A Guide To Terminology

A Guide to Terminology

Our category is dynamic and still very new, with a large number of new companies working to bring products to market. In order to solve the challenges facing our food system in feeding 10 billion by 2050, we believe that we will need to have every tool in the toolkit at our disposal. As a coalition, it’s important to us that the conversation around our new industry remain inclusive and approachable, while at the same time ensuring that terminology used reflects scientific accuracy and is not inherently demeaning towards our own products or conventionally-produced meat and seafood products.

We’ve created this guide to help different stakeholders navigate the terminology surrounding the space, to explain the terms that are acceptable and unacceptable to us and to provide a perspective on the accuracy of other terms.

Terms that are accurate:

“Meat / poultry / seafood” or “meat / poultry / seafood products”: Colloquially, these terms indicate food derived from the body parts of animals, which in general are processed animal muscle tissue, connective tissue, fat and skin. Because cell-based meat, poultry and seafood products are derived from animals and are real animal flesh, these terms can be used to refer to them, just as they are applied to conventionally-produced meat products.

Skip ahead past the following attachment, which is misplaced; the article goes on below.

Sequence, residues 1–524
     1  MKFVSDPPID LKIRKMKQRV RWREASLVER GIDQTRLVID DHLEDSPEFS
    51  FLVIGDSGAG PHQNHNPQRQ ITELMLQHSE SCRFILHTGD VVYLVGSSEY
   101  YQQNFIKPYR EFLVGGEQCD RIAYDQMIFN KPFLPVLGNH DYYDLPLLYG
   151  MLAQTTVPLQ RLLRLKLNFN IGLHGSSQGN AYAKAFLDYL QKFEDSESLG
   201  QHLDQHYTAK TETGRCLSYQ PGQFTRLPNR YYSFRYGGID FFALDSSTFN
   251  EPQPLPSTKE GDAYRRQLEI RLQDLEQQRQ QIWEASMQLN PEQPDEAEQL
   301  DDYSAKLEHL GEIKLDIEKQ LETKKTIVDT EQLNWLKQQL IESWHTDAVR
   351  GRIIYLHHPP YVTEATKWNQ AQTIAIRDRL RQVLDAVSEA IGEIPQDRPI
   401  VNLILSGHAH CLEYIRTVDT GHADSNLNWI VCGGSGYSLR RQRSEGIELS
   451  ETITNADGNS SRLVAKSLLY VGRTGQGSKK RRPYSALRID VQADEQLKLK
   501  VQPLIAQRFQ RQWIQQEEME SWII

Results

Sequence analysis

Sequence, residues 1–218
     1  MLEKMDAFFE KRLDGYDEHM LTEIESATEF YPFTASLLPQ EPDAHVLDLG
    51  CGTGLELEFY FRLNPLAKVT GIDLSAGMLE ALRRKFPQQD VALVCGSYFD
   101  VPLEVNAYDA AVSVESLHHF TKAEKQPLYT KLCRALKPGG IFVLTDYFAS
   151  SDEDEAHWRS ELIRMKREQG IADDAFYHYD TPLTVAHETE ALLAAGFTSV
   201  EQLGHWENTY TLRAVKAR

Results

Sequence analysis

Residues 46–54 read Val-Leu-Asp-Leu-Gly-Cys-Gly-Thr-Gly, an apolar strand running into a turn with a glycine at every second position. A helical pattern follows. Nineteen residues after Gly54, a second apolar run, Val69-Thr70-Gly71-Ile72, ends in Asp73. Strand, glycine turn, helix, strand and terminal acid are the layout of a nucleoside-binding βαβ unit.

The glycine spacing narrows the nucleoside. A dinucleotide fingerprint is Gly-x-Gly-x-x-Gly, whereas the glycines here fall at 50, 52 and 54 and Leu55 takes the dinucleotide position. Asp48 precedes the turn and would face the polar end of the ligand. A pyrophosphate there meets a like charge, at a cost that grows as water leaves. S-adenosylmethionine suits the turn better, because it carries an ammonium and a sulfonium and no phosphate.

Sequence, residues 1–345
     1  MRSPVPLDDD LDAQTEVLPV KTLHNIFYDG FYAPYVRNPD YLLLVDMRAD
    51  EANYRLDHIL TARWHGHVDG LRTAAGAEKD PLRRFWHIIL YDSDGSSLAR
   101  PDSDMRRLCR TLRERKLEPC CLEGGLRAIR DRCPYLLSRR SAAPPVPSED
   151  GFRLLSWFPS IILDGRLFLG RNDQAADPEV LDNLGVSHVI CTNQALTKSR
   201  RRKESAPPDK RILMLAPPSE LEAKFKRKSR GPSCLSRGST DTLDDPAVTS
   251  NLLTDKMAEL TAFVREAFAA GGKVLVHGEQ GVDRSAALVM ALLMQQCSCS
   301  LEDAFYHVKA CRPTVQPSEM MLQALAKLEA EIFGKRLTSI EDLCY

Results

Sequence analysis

“Cell-based meat”: This is a neutral, scientifically accurate term that is commonly used by proponents, detractors and neutral observers alike. It references the composition of the products in this category. It parallels and creates clear distinction from “plant-based protein” and “animal-based meat.”

“Cultured meat” or “cell-cultured meat”: This is a neutral, scientifically accurate term that is commonly used by proponents, detractors, and neutral observers alike. It references “cell culture” and “tissue culture,” the foundational scientific processes of the category. It is the term commonly used within academic / research fields.

Terms that are judgment-based and are not used by the coalition:

“Clean meat”: This term is used by some proponents of the category. This term is meant to reference the controlled nature of the production environment. The coalition does not accept or use this term, as some view it as judgment-based.

“Lab-grown meat”: This term is used by some neutral observers and detractors of the category. This term is inaccurate. As with most food, while early stage research is typically conducted in a laboratory, large-scale production will occur in a food production facility that will not resemble a laboratory. This is a similar lifecycle to many products not referred to as “lab-grown” (for instance, beer is not referred to as “lab-grown beer”). The coalition does not accept or use this term as it is judgment-based.

“Fake meat” or “Synthetic meat” or “Artificial meat” or “Faux meat”: These terms are inaccurate, as products in this category have been recognized as meat, down to the compositional level. These terms are commonly used by detractors of the category, and are intended to create consumer aversion to the category, before any products have come to market.